As long as the fringes of the Greater Yellowstone Ecosystem continue to get subdivided, that means the region’s elk will have fewer places left to roam. For big game species, habitat alteration and loss is often a proven formula for population decline.
While the hottest markets of the region, like Jackson Hole and Bozeman, Montana, are transforming fast, even slower-growing places like Park County are coveted. There’s been enough interest in the Absaroka front ranching life that even Kanye West infamously tried it out.
“There is very little property in Park County at the moment that is immune from some sort of development,” Park County Commissioner Lee Livingston told WyoFile in an email.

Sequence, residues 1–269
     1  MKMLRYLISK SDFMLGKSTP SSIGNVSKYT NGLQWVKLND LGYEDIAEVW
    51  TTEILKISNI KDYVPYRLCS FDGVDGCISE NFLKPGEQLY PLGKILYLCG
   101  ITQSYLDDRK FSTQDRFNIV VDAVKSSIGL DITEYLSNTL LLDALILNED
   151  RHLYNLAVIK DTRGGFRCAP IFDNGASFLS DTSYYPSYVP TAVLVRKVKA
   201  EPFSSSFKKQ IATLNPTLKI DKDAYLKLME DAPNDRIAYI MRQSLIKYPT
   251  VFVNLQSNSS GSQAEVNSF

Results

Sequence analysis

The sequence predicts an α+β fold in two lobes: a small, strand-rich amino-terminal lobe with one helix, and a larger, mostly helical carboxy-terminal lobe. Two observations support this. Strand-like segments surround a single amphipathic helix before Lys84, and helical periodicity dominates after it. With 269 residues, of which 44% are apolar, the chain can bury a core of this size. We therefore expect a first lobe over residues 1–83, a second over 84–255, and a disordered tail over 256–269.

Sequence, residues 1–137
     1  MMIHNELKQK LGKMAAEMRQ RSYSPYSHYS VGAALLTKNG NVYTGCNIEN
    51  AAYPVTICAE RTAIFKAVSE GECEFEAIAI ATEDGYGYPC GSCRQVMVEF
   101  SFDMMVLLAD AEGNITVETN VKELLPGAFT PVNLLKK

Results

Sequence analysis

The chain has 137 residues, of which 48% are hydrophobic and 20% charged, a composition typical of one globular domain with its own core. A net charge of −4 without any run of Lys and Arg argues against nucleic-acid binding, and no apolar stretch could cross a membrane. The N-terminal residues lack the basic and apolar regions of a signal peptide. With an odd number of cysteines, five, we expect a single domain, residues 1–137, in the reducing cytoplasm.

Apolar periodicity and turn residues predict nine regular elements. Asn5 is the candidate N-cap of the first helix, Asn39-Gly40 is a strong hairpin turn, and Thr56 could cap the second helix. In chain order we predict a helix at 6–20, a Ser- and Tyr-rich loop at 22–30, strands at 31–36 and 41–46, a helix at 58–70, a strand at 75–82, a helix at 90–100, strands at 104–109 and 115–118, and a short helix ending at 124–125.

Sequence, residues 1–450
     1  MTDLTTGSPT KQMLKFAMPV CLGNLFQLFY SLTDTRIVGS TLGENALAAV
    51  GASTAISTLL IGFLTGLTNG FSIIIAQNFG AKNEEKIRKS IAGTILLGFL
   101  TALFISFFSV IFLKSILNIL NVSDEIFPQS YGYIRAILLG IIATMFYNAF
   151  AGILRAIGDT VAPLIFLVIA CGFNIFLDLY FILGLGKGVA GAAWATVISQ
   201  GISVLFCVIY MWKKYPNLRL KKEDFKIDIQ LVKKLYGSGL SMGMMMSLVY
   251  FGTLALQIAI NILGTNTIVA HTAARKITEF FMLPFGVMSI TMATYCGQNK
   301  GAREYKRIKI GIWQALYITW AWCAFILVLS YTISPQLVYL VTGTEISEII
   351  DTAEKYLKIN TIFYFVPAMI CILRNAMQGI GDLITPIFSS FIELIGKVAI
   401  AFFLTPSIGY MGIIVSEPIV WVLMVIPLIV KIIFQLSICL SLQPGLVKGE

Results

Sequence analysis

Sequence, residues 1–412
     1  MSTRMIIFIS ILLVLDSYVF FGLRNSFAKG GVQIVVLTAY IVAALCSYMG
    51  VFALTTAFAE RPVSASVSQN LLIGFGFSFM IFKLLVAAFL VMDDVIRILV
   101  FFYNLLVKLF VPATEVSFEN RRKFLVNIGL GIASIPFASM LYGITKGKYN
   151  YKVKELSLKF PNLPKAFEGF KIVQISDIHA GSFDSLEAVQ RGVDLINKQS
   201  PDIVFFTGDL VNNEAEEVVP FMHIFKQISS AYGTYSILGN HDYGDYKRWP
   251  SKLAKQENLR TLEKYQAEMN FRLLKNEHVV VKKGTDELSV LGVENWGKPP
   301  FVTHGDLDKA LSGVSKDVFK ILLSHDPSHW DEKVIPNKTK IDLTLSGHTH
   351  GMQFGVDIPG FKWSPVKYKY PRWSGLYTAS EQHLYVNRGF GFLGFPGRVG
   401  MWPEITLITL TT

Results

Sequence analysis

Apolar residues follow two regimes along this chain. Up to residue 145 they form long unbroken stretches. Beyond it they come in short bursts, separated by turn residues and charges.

The commission is in the process of revising a land-use plan that provides zoning recommendations for the county. It’s the type of document that, in theory, could prescribe protections for prized ecological assets like the Cody and Clarks Fork elk herds.
The current plan, nearly a quarter-century old, makes no mention of elk, but in preparation for the revision Livingston and other commissioners have held a series of meetings with Mong and other Game and Fish staffers to learn about wildlife, including elk, on private lands.
“They’ve been very responsive to the data we have,” Mong said, “and are trying to incorporate that data into the planning process.”
The outcome could be some type of wildlife-specific overlay in the land use plan.
Still, it’s unlikely that Park County’s updated plan will include regulations requiring the protection of the Cody and Clarks Fork herds’ privately owned winter habitat. Even Livingston, who’s a hunting outfitter, isn’t sure landowners ought to be forced to perpetuate wildlife habitat. Incentive-based programs are a better path forward, he said.